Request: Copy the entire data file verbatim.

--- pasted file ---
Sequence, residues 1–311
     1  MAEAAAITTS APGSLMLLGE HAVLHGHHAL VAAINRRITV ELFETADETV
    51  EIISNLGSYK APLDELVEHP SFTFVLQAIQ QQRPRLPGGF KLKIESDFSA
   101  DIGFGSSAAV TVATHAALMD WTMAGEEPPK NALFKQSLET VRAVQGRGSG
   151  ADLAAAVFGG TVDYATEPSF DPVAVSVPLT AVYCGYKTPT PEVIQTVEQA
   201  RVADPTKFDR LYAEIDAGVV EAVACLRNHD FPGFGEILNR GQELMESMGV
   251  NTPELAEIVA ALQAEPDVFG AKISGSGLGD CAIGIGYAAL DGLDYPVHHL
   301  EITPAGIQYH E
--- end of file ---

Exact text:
Sequence, residues 1–311
     1  MAEAAAITTS APGSLMLLGE HAVLHGHHAL VAAINRRITV ELFETADETV
    51  EIISNLGSYK APLDELVEHP SFTFVLQAIQ QQRPRLPGGF KLKIESDFSA
   101  DIGFGSSAAV TVATHAALMD WTMAGEEPPK NALFKQSLET VRAVQGRGSG
   151  ADLAAAVFGG TVDYATEPSF DPVAVSVPLT AVYCGYKTPT PEVIQTVEQA
   201  RVADPTKFDR LYAEIDAGVV EAVACLRNHD FPGFGEILNR GQELMESMGV
   251  NTPELAEIVA ALQAEPDVFG AKISGSGLGD CAIGIGYAAL DGLDYPVHHL
   301  EITPAGIQYH E